Page 200 - Jewish Book Annual Volume 28

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J
e w i s h
B
o o k
A
n n u a l
194
S
inger
, I
saac
B
ashevis
.
The estate. New York, Farrar, Straus and Giroux,
1969. 374 p.
This is a sequel to
The Manor
and, taken together, the two volumes
constitute an extensive, interesting chronicle of Jewish family life in a
Poland just about emerging into the twentieth century. Unlike Mr.
Singer’s stories of devils and elves,
The Manor
and
The Estate
are old-
fashioned novels, well-made, full of plot and books tha t illuminate
Jewish life and the problems of Jews entering the freer world ready to
accept them as human beings.
S
inger
,
I. J. Steel and iron. New York, Funk & Wagnalls, 1969. 267 p.
This is the first English-language publication (translated by the
author’s son Joseph Singer) of a popular Yiddish novel about Jewish
life in Poland in 1915. I t is the tale of a Jewish soldier who deserts
from the Russian Army, hides in Warsaw and works with refugees
whom he develops into men and women who attempt to better their
circumstances.
S
ukenick
, R
onald
.
The death of the novel and other stories. New York,
Dial, 1969. 175 p.
A blend of fiction and non-fiction, in which the author enters the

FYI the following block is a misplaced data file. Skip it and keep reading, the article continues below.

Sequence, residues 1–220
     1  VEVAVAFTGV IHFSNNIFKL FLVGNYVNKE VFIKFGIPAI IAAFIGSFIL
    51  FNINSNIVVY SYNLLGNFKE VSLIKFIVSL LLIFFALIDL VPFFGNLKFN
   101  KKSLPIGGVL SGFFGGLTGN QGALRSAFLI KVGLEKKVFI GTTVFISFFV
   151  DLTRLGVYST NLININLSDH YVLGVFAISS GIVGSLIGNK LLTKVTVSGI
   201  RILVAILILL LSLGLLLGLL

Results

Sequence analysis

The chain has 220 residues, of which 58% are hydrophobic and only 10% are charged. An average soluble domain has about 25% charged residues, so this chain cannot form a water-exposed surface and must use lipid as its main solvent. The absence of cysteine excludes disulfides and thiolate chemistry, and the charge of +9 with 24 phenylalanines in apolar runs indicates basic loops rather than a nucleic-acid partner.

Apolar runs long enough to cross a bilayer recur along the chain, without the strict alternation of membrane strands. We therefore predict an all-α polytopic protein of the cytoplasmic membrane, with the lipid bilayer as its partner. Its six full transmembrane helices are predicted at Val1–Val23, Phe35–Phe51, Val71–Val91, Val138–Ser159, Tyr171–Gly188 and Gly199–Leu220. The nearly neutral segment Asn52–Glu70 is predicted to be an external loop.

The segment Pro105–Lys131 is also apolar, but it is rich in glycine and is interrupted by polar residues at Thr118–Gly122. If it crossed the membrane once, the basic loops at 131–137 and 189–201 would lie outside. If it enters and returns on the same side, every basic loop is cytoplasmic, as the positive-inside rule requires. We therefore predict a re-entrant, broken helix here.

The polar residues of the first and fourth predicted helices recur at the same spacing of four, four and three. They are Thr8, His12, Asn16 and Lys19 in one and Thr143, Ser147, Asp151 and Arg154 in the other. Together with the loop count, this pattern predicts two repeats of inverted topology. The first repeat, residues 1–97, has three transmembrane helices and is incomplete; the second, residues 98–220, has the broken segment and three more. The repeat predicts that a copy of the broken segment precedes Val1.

fictional stories as himself. The scene is the lower East Side and there
are Jewish themes and elements in the book.
Updike,
J
o h n
.
Bech:
a
book. New York, Knopf,
1 9 7 0 . 2 2 4
p.
Seven short stories, all interrelated, and all about a Jewish writer
named Henry Bech.
W
eidman
, J
erome
.
The center of the action. New York, Random House,
1969. 367 p.
Ted Leff, a modern Sammy Glick, moves through the publishing
world, as Mr Weidman returns to the style, pace and dialogue of his
early, and most successful, books.
W
iesel
, E
lie
.
A beggar in Jerusalem. New York, Random House, 1970.
221 p.
Elie Wiesel is a messenger of the meaning of the Holocaust to the
Jewish people, and the world. In his new book, he deals with the Six
Day War, the Western Wall and the confrontation between the eternal
Jew and the terrors of the twentieth century.
W
ilchek
, S
tella
.
Judith. New York, Harper & Row, 1969. 589 p.
The heroine here is Judith, the woman who killed the general Holo-
femes. This is a retelling of the tale told in the Book of Jud ith in the
Apocrypha, but with many liberties and romantic deviations.
W
olff
, G
eoffrey
.
Bad debts. New York, Simon and Schuster, 1969. 222 p.
The hero of this novel is a “loser” in life, Benjamin Freeman, a bad
father and husband, an evil man. Most of the other characters tha t in-
habit this book are misfits in our contemporary society.
Y
affe
. J
ames
The voyage of the Franz Joseph. New York, G. P. Putnam’s
Sons, 1970. 464 p.
This narrative is based on an actual event and tells the story of a
ship carrying 1000 German-Jewish refugees across the Atlantic in 1939,
just before the outbreak of World War II .